Through the week, the class worked through other parts of the book, especially Giotto puzzles. They didn’t finish the book, though, so we will finish on our own. My kids (both of them, as the younger one listened in to his brother’s class a lot) are excited to finish it and work more puzzles. It’s a no-kidding thrill for me to share that with them, too. This book even explains what “isomorphic” means, but in the context of fun games.
Son the younger was, as I mentioned, in a “calculus for kids” class the same week. The instructor was the same, and while some of the materials she used (or possibly all?) are available on the Natural Math site, they’re not in a book per se. I’ve already given an indication of my general feelings about calculus, but I thought we’d give this a try.
See, my kids have these books. Ok, they have a lot of books, far too many, enough to have a serviceable small-town lending library, probably, but I’m talking about their math storybooks. Once a long time ago we checked out a book called Sir Cumference and the Dragon of Pi by Cindy Neuschwander out from a library, and it was fantastic. It has a visual, easy to understand “proof” of why pi has the relationship with circles that it does. I don’t think I ever understood it as well in school as I did by reading that book. And it seemed like that opened up my interest in math again; I remembered how I used to find so much truth and beauty there, but I’d lost that somewhere along the way, through years of schooling.
We bought a bunch of similar books. There are more books in the Sir Cumference series, and there’s a nice little book that has a visual proof of the Pythagorean theorem that even toddlers can understand, and Greg Tang’s books that focus on thinking of things in groups, rather than counting individually, and finding patterns. We have Moebius Noodles from Natural Math, too, that has math games, and we have books about Fibonacci numbers and tessellation and do mathy artwork based on those books. For me, teaching my kids math has brought back the joy of math for me.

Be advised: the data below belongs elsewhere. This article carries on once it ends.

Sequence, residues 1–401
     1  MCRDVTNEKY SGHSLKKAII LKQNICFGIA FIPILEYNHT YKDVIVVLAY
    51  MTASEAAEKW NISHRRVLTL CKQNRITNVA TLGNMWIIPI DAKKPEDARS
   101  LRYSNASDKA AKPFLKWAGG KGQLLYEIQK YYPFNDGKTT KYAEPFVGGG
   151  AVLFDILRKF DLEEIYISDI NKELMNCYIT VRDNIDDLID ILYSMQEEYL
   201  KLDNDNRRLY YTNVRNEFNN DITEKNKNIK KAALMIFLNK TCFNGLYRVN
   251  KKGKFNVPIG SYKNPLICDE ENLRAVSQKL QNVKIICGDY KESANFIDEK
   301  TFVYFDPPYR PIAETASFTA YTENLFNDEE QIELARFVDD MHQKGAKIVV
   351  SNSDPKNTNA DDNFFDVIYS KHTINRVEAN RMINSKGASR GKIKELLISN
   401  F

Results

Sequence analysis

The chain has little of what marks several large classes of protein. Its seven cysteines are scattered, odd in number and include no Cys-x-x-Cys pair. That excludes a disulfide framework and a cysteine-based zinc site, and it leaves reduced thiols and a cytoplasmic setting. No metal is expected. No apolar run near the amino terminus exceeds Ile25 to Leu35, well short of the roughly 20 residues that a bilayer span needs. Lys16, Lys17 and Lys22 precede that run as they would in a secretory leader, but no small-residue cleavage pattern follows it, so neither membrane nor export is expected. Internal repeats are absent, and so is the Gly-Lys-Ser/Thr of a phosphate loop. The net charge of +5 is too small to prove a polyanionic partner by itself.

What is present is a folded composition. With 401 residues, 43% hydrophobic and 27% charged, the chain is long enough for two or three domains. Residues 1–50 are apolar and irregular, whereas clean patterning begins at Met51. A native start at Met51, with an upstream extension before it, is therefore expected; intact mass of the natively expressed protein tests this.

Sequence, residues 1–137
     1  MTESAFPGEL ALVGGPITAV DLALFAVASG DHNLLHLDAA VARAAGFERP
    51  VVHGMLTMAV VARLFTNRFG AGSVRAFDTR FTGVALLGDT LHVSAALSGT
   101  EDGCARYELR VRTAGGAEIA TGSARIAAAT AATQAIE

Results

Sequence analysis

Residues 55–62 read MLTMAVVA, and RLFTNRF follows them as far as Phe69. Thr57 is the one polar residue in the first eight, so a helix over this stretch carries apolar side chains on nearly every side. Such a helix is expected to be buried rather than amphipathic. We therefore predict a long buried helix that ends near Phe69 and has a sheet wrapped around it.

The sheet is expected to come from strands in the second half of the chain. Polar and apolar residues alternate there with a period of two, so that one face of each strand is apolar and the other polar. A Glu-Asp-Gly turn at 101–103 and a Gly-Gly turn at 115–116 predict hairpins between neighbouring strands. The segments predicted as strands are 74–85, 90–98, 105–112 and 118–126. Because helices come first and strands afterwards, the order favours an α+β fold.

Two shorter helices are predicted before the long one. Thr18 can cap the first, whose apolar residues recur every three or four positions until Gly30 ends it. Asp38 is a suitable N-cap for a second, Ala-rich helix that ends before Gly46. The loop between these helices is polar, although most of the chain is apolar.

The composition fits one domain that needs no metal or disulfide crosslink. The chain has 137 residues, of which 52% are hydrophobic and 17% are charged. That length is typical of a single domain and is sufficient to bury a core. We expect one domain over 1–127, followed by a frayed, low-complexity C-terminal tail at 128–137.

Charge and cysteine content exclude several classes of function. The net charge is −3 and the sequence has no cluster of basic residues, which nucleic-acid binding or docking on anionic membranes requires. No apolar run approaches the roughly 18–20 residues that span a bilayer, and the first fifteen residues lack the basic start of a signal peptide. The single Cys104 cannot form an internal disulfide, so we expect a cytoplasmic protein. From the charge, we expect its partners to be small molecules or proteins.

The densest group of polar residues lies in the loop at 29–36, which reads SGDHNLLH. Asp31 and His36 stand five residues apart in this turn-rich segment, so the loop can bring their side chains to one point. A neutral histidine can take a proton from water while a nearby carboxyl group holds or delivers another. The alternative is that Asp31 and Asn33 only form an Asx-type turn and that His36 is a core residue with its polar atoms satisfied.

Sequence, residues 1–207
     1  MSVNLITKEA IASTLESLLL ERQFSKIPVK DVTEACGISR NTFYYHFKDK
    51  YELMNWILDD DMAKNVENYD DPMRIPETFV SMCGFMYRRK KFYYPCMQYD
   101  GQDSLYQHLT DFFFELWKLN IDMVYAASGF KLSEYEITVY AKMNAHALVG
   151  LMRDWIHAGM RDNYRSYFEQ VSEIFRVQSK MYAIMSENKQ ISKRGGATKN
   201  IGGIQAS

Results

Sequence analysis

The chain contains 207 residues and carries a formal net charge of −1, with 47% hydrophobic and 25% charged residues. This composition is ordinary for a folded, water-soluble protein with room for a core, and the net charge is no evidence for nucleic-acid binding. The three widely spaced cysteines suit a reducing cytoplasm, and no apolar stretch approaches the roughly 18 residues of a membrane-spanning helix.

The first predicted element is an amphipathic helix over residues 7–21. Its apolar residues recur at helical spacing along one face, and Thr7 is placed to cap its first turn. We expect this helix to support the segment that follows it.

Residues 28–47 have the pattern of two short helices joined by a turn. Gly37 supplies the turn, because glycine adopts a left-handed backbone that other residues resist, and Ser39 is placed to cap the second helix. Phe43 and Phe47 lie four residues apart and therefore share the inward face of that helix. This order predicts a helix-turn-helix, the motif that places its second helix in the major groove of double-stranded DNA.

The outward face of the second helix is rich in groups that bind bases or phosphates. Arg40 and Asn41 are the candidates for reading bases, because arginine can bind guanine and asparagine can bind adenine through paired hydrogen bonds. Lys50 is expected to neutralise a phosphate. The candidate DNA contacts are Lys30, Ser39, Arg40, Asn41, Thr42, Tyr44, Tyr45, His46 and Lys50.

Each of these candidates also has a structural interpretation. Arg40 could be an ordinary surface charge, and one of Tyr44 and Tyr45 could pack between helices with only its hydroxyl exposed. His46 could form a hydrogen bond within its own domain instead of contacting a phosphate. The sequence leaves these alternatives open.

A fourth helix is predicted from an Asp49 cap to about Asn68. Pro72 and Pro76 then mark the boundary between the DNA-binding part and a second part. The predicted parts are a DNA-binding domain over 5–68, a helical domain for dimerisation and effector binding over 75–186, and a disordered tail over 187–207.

Still, I was skeptical of the calculus for kids. I had nothing but bad memories of not understanding a damn thing from calculus. When the class started and I looked at the materials, I was still skeptical. It was all about building models and slicing things up and doing flipbook animation, and I didn’t see how it was calculus.
We talked about modeling 2D pictures in 3D space and also doing the reverse. We talked about building a sphere out of slices of sphere. We talked about the rate of change of a drawing to make it look like it’s growing in a flipbook. We never talked about anything “mathy.”
All through it, again, the teacher would ask the kids to explain their thought processes. These were younger kids than the logic group, so she’d sometimes prompt them or rephrase what they’d said, but she was really patient as they explained their different ways of slicing up or modeling a problem.
On the Thursday, finally, one of the little girls asked, “How is this math?”
It’s not how I learned math, either, little girl. But I wish I had. I finally understand what I was supposed to be learning in high school. I finally understand how mathematics is the same search for truth and beauty through reasoning that attracts me to philosophy. Finally, I fully share my kids’ enthusiasm for math again.
I feel like I took a particularly good dose of some hallucinogen or whatever made William Blake the way he was, and the universe feels open again, the way it did when I was a child, like if I just apply my puny human brain in a systematic way, truth and beauty will reveal themselves.
When I started this post, I didn’t realize it’d end up in this weird place, but that’s how it is sometimes.
Symbolic logic and math and truth and beauty and poetry. So good.